So the "Italian" fabric arrived, we made a first round of beautiful denim shirts, listed everything we knew on asket.com, including the fact that the fabric was actually woven in China. Then we started to look for a new mill. It was a fantastic garment, but we just couldn’t work with that kind of partnership.
While we were still in disbelief and disheartened in our mission, we got lucky on another end. The Portuguese mill spinning, weaving and dying our oxford fabric (yes, truly located in Portugal) had traced their cotton back to its origin in California. So it was possible. Complete transparency in apparel manufacturing wasn't a pipe dream after all. That same day we decided to abandon the clearly inadequate “Made In” country of origin labeling used in the entire industry. Instead, we would provide our own Full Traceability label, committing to tracing our entire supply chain back to the farms and putting that info right into the garment. Awesome? We’d like to think so, yes. Impulsive? Yup. After all we were nowhere near that degree of traceability in other products. And we had just launched a denim shirt with no traceability beyond cut & sew at all.
Still searching for a new denim shirting mill, we had started working with a new, very large Italian yarn supplier for a different project (hint: launching this spring). They loved our traceability efforts and invited us join them on a UNIDO (United Nations Industrial Development) project in Egypt during the cotton harvest. Hell yes! Our Head of Product headed down to discover the complexity of traceability, fair farming conditions and to promote traceability among government officials, factories and mills. Guess who else was there? The highest ranking official of the group owning our dear old denim shirt mill! We wouldn’t miss a chance like that. Our Head of Product pumped up, clenched her fists and confronted him. His reaction wasn’t the slippery-media-trained diversion tactic we expected. A bit awkwardly, he was sorry, sad even, to learn of our experience. They’d undergone some change in leadership and this wasn’t his way. He promised he’d rectify their mistakes. Much to his credit, he came through. Some days later we got all the information on their Chinese facilities and we were welcome to share it on our shiny new Full Traceability Page.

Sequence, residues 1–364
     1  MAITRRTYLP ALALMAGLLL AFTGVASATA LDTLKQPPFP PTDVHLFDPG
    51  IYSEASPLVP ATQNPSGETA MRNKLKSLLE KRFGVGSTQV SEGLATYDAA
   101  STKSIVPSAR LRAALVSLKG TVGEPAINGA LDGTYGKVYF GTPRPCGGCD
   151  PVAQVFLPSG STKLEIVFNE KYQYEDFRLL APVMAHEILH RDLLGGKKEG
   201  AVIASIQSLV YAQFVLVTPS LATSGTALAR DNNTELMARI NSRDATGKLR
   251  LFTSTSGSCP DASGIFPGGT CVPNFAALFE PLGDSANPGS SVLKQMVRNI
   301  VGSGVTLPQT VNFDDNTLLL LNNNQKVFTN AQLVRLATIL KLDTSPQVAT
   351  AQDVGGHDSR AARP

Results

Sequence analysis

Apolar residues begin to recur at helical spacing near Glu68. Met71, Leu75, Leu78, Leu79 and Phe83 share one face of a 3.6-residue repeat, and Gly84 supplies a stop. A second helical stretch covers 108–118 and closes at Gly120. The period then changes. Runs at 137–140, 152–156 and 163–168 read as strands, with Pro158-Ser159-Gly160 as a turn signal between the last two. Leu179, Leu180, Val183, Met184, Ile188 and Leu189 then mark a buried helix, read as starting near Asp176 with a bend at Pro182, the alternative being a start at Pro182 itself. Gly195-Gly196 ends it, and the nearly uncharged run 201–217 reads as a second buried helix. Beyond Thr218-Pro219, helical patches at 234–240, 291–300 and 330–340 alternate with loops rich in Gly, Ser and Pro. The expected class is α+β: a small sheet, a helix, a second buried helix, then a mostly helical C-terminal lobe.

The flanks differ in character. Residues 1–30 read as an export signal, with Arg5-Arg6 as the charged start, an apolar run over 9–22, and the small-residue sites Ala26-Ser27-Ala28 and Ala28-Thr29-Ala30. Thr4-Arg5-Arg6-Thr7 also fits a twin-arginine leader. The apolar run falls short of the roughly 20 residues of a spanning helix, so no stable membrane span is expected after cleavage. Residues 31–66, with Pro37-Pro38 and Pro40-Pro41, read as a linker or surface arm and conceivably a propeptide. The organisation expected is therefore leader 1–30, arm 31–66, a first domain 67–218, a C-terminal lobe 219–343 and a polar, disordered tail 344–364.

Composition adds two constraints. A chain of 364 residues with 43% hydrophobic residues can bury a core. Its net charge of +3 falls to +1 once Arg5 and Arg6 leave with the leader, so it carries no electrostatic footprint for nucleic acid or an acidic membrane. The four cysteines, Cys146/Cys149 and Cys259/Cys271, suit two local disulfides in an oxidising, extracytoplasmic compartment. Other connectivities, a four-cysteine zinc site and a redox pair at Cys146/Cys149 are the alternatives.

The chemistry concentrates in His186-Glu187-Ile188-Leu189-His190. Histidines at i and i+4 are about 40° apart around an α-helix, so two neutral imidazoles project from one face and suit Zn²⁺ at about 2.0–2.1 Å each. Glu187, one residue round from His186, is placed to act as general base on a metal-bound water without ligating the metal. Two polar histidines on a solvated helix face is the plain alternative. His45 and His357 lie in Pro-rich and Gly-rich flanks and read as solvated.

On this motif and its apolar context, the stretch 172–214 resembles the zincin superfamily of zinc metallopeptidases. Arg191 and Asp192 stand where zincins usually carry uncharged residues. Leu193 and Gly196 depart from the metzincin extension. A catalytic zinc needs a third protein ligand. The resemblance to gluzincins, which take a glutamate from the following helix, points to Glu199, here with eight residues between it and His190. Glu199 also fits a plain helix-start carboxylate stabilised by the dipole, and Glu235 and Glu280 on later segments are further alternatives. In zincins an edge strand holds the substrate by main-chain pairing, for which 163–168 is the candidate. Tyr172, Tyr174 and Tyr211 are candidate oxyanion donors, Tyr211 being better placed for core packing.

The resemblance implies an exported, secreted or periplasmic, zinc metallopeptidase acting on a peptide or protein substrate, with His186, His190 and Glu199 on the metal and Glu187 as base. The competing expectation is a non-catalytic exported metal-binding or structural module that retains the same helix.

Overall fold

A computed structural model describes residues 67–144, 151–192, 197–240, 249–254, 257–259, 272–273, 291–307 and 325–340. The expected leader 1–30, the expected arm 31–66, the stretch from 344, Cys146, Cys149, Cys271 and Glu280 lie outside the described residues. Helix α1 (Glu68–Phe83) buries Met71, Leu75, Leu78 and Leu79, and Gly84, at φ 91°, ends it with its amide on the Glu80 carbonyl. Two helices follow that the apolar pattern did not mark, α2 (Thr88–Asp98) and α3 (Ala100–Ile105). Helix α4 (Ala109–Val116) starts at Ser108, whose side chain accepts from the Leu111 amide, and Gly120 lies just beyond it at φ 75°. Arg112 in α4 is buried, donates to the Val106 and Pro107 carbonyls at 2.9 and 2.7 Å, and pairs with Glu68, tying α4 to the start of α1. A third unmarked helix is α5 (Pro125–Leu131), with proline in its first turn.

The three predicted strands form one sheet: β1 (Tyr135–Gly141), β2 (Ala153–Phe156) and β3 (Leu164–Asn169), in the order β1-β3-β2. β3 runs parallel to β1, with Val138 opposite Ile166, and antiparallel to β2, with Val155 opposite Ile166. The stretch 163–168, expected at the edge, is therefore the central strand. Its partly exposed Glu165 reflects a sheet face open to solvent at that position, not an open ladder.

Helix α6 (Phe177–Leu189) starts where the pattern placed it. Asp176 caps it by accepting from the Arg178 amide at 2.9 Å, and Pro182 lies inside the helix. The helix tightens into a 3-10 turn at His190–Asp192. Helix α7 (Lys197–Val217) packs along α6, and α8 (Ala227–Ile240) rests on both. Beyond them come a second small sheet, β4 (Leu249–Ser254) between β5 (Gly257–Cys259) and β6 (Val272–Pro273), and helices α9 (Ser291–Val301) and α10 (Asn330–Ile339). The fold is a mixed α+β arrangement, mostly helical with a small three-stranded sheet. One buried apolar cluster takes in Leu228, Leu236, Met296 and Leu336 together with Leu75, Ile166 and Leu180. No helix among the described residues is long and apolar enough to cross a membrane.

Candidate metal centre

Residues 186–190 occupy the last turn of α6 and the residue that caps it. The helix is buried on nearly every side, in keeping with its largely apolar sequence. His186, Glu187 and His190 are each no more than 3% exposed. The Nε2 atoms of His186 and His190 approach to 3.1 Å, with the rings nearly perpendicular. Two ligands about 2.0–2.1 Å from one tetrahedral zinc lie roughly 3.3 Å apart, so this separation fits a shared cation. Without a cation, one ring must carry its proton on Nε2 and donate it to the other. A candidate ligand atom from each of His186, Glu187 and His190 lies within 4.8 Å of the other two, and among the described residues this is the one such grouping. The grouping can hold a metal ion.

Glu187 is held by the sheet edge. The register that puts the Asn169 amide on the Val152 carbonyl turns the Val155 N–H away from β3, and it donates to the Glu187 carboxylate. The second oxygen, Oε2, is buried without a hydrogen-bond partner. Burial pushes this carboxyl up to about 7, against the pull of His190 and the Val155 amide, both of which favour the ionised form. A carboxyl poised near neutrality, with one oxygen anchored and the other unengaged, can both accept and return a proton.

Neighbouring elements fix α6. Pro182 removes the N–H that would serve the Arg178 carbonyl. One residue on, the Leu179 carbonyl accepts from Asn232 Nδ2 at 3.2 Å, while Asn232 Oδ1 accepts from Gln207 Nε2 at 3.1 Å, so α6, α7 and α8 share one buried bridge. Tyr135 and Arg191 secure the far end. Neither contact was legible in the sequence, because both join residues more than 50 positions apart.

We decided to stick with the Italian mill. After all, it is a fantastic fabric. And they were now transparent. But still today we’re not 100% traceable in The Denim Shirt. The new challenge is pinpointing the exact origin of the cotton. And we've got a lot of work left in tracing the raw material of our other products. But knowing that it’s possible, and seeing that we, as a fart-in-the-wind-size player, can actually exert influence, has made us more determined than ever to provide complete transparency. Because, if we don’t know what is we’re buying, how can we ever make conscious purchasing decisions?
On April 24th we’ll celebrate the one year anniversary of our Full Traceability Mission. We’ve climbed from 69% to 71% total product traceability last year and are aiming for 80% by the end of this year. Will we make it to 100% by 2020? We don’t know. Is it possible? Hell yes.